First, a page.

Beginning on 20 June, the first of two phases of SPAS activities got underway with initial testing in the payload bay. During this time, seven of its 11 experiments were switched on and allowed to run continuously for 24 hours. Then, next day, with the satellite held securely by the RMS, Crippen and Hauck pulsed Challenger’s RCS thrusters to evaluate movements within the arm. Again, Sally Ride found her months of practice on the ground had prepared her amply for operating the real thing in orbit. “The simulators did a good job,” she said later. “It was a little easier to use the arm in space than it was in the simulators, because I could look out the window and see a real arm! Although the visuals in the simulator were very good, there’s nothing quite like being able to look out of the window and see the real thing. It felt very comfortable and familiar. The simulators had prepared me very well.” Early on 22 June, the second phase—actually releasing SPAS into space—got underway. Shortly before 9:00 a.m. EST, under John Fabian’s control, it was released from the arm. The crew reported that the satellite’s handling characteristics were exactly as expected and the RMS imparted no appreciable motion. For the next nine and a half hours, the astronauts tested the arm, fired off RCS plumes to deliberately disturb the satellite, and practiced the rendezvous and proximity operations needed during the Solar Max repair.
“It was a big deal,” Bob Crippen reflected on the first deployment and retrieval by the shuttle, “and we wanted to make sure that we could rendezvous with satellites; could come back in and grab them. It turned out that it all went extremely well. It was a little bit different, in that what we called the ‘digital autopilot’, or the ‘DAP’—which is the way the computer fires the various jets—when we got in close to the satellite, I found that when you tried to slow down sometimes, the attitude control thrusters would also start going, and it kept ‘walking’ you in when you didn’t want to go in … We ended up learning a few things about how the autopilot worked that we corrected subsequently and makes it very nice for rendezvous today, which is extremely important on things like working with the [International Space] Station. It all really worked very well.”
Meanwhile, the crew described the retrieval—both in stable and slowly rotating attitudes—as easy to perform, “but the act of going up and capturing it was a little scary,” admitted Ride. “What if we couldn’t capture this satellite? It was easy in the simulators, but was it going to be easy in orbit? The experience was different because it was real! In the simulator, it wasn’t that important and if you missed, it was just a virtual arm going through a virtual payload. In orbit, it really mattered that I captured the satellite.” Fortunately, the retrieval went perfectly.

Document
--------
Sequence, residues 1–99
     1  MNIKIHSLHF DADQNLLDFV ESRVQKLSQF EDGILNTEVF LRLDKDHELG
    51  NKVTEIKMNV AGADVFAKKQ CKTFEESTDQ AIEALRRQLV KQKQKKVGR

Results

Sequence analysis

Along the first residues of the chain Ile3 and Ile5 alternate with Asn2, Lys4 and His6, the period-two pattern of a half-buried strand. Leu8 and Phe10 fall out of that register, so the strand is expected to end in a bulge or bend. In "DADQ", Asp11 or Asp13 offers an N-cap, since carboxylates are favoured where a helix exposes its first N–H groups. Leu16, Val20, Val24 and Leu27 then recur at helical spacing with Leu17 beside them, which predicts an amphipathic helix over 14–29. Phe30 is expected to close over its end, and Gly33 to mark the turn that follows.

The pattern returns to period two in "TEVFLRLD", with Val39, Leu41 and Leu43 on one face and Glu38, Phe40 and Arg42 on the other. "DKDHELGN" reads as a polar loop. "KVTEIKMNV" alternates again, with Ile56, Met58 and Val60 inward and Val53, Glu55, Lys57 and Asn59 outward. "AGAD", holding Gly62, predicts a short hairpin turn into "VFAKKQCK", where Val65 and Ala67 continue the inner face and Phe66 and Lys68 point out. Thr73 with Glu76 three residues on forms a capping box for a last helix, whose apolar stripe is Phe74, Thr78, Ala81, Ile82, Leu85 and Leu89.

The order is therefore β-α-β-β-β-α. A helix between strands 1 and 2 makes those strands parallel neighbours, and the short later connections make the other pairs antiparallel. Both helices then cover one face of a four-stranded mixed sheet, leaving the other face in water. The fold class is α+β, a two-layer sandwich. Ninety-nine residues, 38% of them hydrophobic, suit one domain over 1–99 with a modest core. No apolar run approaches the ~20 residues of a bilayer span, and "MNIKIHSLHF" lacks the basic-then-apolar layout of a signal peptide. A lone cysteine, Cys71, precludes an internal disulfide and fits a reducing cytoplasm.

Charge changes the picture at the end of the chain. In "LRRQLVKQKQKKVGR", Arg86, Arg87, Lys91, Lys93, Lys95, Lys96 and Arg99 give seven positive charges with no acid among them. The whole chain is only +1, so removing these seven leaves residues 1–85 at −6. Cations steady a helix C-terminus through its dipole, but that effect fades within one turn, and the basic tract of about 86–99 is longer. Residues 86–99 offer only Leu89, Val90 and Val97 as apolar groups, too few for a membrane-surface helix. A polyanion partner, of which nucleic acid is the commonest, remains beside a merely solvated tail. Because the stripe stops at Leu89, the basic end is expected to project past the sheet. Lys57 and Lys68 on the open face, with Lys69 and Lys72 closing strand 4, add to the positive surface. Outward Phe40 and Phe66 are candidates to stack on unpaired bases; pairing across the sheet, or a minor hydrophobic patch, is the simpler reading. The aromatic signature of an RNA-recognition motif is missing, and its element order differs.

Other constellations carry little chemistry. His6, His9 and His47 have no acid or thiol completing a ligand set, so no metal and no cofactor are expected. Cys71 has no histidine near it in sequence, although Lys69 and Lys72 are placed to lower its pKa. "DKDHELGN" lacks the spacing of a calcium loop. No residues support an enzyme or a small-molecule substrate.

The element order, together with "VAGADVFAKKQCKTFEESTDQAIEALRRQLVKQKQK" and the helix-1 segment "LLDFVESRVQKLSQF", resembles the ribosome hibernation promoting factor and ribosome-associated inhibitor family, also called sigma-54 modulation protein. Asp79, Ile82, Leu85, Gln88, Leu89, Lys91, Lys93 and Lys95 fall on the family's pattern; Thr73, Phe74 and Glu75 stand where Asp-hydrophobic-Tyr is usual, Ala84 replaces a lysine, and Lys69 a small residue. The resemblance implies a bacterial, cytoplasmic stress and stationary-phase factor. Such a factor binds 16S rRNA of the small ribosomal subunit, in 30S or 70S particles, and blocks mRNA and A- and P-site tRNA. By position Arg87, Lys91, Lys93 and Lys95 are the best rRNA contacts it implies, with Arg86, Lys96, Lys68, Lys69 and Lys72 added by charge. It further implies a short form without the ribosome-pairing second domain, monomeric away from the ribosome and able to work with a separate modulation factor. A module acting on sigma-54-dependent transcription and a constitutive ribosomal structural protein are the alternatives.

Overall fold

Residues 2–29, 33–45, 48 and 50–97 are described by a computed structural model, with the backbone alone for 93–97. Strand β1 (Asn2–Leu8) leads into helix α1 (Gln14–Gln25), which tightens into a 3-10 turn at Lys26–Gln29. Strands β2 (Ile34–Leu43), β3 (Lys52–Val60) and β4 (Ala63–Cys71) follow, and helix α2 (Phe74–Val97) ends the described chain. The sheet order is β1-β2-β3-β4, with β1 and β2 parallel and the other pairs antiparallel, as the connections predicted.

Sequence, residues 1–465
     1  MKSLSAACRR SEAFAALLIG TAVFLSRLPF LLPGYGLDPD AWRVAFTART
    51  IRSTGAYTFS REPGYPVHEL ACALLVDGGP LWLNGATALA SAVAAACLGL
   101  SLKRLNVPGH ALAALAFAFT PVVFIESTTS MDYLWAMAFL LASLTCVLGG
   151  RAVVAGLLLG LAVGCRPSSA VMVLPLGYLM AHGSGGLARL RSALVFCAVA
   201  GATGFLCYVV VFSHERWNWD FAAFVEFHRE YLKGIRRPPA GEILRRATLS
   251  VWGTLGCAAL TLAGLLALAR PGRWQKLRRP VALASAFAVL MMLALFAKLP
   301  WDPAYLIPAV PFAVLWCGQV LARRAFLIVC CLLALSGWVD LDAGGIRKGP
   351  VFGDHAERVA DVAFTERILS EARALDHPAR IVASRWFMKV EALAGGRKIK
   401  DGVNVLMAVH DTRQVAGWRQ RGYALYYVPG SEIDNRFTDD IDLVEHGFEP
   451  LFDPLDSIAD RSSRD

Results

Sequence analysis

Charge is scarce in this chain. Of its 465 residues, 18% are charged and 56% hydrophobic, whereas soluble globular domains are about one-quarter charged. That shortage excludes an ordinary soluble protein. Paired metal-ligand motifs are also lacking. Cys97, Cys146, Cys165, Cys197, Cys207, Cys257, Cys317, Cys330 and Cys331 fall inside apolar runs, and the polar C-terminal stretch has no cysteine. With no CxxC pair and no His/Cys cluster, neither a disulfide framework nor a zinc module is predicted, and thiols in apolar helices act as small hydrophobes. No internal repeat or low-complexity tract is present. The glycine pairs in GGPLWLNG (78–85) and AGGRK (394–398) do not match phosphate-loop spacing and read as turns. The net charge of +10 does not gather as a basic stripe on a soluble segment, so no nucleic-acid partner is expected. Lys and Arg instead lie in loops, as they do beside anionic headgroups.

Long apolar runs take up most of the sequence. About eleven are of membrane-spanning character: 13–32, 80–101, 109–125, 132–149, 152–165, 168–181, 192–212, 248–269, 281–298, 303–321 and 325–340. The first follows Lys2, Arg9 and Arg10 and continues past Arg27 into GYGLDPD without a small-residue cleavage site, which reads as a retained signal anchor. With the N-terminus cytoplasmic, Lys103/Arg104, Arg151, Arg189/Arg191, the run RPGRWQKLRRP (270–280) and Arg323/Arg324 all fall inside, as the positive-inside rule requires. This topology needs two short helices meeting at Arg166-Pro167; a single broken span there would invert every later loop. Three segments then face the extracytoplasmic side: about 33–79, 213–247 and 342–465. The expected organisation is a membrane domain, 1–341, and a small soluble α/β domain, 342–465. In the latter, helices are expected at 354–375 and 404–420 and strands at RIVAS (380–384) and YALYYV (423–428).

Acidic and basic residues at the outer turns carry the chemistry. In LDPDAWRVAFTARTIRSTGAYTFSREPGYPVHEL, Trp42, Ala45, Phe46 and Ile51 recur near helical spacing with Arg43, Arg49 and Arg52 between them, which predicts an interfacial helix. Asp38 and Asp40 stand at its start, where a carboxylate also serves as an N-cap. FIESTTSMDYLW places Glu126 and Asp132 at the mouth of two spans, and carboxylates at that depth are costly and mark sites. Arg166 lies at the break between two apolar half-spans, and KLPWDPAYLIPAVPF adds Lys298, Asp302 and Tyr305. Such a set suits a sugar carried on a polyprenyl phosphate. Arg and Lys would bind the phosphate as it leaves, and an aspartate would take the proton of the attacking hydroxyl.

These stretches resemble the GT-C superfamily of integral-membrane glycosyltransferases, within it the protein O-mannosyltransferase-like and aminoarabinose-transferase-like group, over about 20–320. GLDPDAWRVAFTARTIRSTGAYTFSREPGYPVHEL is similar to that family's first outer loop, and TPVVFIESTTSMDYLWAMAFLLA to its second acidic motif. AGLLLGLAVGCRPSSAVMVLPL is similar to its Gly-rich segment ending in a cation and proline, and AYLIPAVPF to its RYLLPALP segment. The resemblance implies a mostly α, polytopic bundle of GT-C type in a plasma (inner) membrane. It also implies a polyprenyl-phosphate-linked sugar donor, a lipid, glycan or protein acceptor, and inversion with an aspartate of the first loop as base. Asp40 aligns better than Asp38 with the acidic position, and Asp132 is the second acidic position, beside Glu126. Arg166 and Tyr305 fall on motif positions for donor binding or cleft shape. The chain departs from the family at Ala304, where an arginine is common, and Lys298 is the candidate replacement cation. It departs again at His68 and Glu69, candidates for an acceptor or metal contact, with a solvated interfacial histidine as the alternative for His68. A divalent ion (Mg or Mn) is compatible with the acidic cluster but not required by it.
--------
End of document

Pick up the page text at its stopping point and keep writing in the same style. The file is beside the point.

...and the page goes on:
In general, only minor problems marred Challenger’s second mission. One of the more worrying problems was a small “pit” in one of the shuttle’s forward flight deck windows; caused, it turned out, by the impact of “space debris.” It was first noticed by the astronauts on 20 June, but they did not report it. “Crippen decided not to tell the ground that we’d been hit and it didn’t come up until after the flight,” John Fabian explained later. “His rationale for that, I assume, was that there wasn’t anything that the ground could do to help us. The event had already occurred. We were perfectly safe … and so he elected not to say anything. I think it was the right decision.” The window was subjected to detailed energy-discursive X-ray analysis after landing, and titanium oxide and small quantities of aluminium, carbon, and potassium were found in addition to pit glass. The morphology of the impact was suggestive of an impacting particle (most likely a tiny fleck of paint) … but travelling at four miles per second! “The results,” Fabian continued, “are so much larger than the event itself that it’s staggering.”
Originally, STS-7 was scheduled to perform the first shuttle landing at the Kennedy Space Center (KSC), Fla., a fact highlighted in the mission’s press kit, which would have helped to reduce turnaround times significantly. “We were looking forward to that,” remembered Sally Ride. “They had a red carpet ready to roll out for us and our families were all waiting for us in Florida.” Unfortunately, the touchdown on 24 June was postponed by two further revolutions in the hope that conditions would improve or facilitate a landing attempt at Edwards Air Force, Calif. It was expected that bringing shuttles back home to the East Coast launch site would save around $1 million and five days’ worth of processing for the next flight. Moreover, KSC landings would remove the necessity to expose the orbiter to the uncertainties and potential dangers of a cross-country ferry flight atop NASA’s modified 747. However, as Crippen’s crew discovered that June day in 1983, the West Coast landing site exhibited far more stable weather conditions than Florida.